Indulge your fantasies for one moment and imagine yourself to be a billionaire in 1960. Not only that, you’re a billionaire in search of love, that ephemeral emotion that your limitless riches cannot, apparently, buy. Where do you look? Who do you seek? How do you acquire them? Being a billionaire, that is, a man somewhat given over to ego, you’re most likely to start your search in the same place as all the other billionaires, in a sun-drenched playground of riches both corporeal and financial, a place where the most beautiful women in the world congregate to find, well, people exactly like you: welcome to St. Tropez.
This was the situation that Lebanese billionaire hotelier Jean-Prosper Gay-Para found himself in, only he came to the target-rich environment (although who could say who was predator and who was prey?) of St. Tropez with a single target in mind – the most desired creature on the face of the earth, one Brigitte Bardot, the woman whose 1957 film And God Created Woman (written and directed by her first husband Roger Vadim) put this picturesque traditional fishing village on the map. In most circumstances, being a billionaire would be a pretty sizeable edge in the pursuit of pulchritude, but when you’re chasing a siren, the competition stiffens - if you’ll excuse the double entendre - leaving Gay-Para with a sizeable challenge. German multi-millionaire playboy Gunter Sachs had already stolen a march on him by dropping a tonne of red rose petals from a helicopter over Bardot’s familial home in La Madrague, on the Côte D’Azur. Gay-Para would not be put off his mission however, for despite this being a hopeless, dizzying moonshot, it was a shot nonetheless. Bardot was notoriously tricky though: an outlier among outliers and quite cognisant of the fact; beguiling yet capricious and at the very height of her fame.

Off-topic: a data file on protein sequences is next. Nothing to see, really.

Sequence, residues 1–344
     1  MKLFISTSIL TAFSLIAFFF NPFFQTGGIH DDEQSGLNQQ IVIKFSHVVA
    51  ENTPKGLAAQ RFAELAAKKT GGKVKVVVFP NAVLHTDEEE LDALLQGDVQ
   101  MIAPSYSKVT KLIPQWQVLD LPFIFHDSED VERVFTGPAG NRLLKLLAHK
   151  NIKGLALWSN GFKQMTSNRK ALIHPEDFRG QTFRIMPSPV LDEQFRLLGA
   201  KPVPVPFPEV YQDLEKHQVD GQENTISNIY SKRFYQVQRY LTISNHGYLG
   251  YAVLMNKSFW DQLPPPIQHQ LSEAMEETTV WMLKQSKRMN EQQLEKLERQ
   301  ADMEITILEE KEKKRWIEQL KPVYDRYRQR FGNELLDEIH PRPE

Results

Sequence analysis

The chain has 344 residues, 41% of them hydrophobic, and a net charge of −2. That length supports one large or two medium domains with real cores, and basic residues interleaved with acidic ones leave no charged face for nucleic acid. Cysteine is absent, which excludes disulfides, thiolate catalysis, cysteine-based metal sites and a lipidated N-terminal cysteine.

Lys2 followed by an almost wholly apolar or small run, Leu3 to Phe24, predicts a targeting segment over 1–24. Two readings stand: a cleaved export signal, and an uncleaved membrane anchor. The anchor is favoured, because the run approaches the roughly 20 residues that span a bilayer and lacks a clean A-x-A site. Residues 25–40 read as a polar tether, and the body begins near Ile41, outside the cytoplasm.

Gay-Para sprinkled the grounds of Hotel Byblos with numerous early-Christian sculptures